Bradley asks for bench trial

Case could be moved back to Sussex
May 9, 2011

The fate of Lewes pediatrician Earl Bradley will not be decided by a jury of his peers but by a New Castle County Superior Court judge.

Bradley has waived his right to a jury trial and will instead have a bench trial, presided over by Judge William C. Carpenter. The trial is scheduled to begin Wednesday, June 1.

Carpenter said the case could be moved back to Sussex County, because the reason for moving the trial to New Castle County was a concern about the necessary size of the jury pool. The judge did not say when he would make a decision on a trial venue, only that he would alert the prosecution and defense if the venue is changed.

Bradley, dressed in a teal prison jumpsuit but looking more fit and trim than he did at his evidence suppression hearing in August, appeared in the New Castle County Superior Courtroom to formally agree to the bench trial, answering “yes” when asked by Carpenter whether he is knowingly consenting to having a bench trial.

Carpenter said a mental examination of Bradley, requested by Department of Justice prosecutors, would no longer be needed because Bradley’s defense team will not use “guilty but mentally ill” as a defense. The defense also will not use an insanity defense.

Both the prosecution and defense are still under a gag order imposed by Carpenter and would not discuss the case with the news media.

Former Superior Court Judge Bill Lee said among the reasons Bradley may have chosen to have a bench trial is that video images, allegedly showing Bradley sexually assaulting patients and which Carpenter has deemed admissible in court, may be of such a nature that they could overwhelm a jury’s ability to be fair.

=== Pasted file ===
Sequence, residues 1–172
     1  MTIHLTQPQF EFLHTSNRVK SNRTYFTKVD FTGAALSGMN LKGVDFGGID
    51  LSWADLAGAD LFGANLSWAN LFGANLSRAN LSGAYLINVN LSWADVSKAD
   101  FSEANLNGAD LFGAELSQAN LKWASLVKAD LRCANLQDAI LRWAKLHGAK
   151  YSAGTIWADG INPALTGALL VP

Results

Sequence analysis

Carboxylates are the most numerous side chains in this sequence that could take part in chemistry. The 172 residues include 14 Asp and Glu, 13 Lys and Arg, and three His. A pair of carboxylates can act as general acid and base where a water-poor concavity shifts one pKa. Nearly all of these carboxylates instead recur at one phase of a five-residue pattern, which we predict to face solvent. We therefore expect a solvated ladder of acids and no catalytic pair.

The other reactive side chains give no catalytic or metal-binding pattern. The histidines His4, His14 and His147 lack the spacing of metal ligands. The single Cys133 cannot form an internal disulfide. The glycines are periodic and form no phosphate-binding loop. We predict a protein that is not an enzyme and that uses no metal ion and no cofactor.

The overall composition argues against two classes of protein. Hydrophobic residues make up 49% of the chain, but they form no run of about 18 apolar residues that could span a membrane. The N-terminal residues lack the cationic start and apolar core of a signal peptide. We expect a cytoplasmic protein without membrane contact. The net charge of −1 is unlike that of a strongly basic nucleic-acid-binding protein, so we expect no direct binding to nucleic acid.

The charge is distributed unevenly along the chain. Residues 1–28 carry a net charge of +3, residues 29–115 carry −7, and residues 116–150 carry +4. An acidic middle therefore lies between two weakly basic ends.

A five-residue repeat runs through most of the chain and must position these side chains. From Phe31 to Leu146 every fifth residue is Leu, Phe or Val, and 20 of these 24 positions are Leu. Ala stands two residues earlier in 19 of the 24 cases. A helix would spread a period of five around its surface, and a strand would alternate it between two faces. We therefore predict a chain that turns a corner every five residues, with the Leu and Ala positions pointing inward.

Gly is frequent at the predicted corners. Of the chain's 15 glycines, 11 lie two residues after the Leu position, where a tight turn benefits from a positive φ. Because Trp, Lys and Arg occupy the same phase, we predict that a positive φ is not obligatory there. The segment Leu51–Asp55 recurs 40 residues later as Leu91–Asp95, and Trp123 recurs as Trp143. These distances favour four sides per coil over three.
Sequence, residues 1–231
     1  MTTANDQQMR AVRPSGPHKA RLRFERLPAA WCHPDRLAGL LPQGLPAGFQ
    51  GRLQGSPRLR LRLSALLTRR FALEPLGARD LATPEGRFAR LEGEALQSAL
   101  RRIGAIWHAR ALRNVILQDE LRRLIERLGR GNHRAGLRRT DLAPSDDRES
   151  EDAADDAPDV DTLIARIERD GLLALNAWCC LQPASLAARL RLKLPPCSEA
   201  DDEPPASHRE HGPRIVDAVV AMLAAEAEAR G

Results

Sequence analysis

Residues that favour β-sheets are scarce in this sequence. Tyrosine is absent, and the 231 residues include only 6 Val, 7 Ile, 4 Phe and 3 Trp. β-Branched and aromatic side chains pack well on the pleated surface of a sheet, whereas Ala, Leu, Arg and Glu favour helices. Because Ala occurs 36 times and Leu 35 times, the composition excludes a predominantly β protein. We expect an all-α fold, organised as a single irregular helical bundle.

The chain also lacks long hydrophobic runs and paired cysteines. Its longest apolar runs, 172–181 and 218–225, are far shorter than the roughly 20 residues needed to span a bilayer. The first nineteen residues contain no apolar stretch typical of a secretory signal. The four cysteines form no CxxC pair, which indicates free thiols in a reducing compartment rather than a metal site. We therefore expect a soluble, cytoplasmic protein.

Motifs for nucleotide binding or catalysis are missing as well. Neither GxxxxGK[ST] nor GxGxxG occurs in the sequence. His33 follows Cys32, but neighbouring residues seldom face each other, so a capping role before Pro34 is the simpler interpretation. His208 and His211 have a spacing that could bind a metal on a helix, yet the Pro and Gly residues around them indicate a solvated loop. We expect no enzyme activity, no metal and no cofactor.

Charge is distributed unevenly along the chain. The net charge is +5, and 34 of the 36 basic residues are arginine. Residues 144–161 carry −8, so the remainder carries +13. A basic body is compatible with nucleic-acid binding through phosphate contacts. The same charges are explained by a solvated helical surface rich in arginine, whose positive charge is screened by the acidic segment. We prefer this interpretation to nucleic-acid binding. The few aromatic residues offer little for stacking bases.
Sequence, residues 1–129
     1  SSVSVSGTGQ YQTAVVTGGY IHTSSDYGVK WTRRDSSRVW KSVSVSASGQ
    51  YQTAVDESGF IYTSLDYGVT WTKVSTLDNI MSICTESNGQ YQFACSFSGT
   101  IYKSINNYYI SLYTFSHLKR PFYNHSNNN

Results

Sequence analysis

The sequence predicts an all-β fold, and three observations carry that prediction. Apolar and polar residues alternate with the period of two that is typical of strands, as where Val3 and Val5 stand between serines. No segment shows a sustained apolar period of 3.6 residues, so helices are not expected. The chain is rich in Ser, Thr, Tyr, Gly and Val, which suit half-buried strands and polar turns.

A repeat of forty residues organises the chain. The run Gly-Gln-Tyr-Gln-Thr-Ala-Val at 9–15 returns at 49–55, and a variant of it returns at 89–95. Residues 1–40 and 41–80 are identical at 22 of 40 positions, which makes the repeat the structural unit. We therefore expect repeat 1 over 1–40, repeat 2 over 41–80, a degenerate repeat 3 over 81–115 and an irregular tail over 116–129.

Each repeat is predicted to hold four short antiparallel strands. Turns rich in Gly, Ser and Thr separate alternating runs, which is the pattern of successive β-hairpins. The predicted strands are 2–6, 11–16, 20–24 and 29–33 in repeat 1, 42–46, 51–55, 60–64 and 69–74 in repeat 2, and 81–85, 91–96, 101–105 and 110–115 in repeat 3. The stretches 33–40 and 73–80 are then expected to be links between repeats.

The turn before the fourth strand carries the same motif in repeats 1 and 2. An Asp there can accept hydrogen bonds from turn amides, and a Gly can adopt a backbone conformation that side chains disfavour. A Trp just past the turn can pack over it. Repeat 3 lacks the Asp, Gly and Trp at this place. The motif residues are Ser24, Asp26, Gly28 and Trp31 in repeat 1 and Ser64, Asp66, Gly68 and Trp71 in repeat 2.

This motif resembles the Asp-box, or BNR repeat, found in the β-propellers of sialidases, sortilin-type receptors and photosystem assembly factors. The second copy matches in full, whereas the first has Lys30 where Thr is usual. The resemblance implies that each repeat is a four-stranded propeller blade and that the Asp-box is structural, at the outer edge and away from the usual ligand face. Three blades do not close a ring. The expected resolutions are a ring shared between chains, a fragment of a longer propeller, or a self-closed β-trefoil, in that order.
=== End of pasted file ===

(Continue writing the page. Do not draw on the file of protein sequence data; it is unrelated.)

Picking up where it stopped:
“The feeling is, a judge who has more experience with criminal law and has seen, certainly, crimes of an unspeakable nature, would not be as overwhelmed by this evidence,” Lee said.

State prosecutors agreed to Bradley’s request for a bench trial. Lee said some reasons the state would agree to waive a jury trial is less room for errors, lower costs and shortening the length of the trial.

“I think the state is pretty secure with the evidence it has,” Lee said. “At this particular point, I think the state is looking for the most effective way to go forward, which will take up the least amount of time, create the least potential for error and is most likely to spare the victim children the trauma of a jury trial.”

Lee said although every trial is different, a bench trial would likely take half the time it takes for a jury trial, in part because of the time saved by eliminating jury selection. In the 1998 Thomas Capano murder case, which Lee presided over, the trial took 17 weeks.

“It depends on the amount of evidence and the complexity and the nature of the defense,” Lee said.

Bradley is accused of rape and exploitation involving more than 100 of his child patients. He is awaiting trial at the James T. Vaughn Correctional Center in Smyrna.

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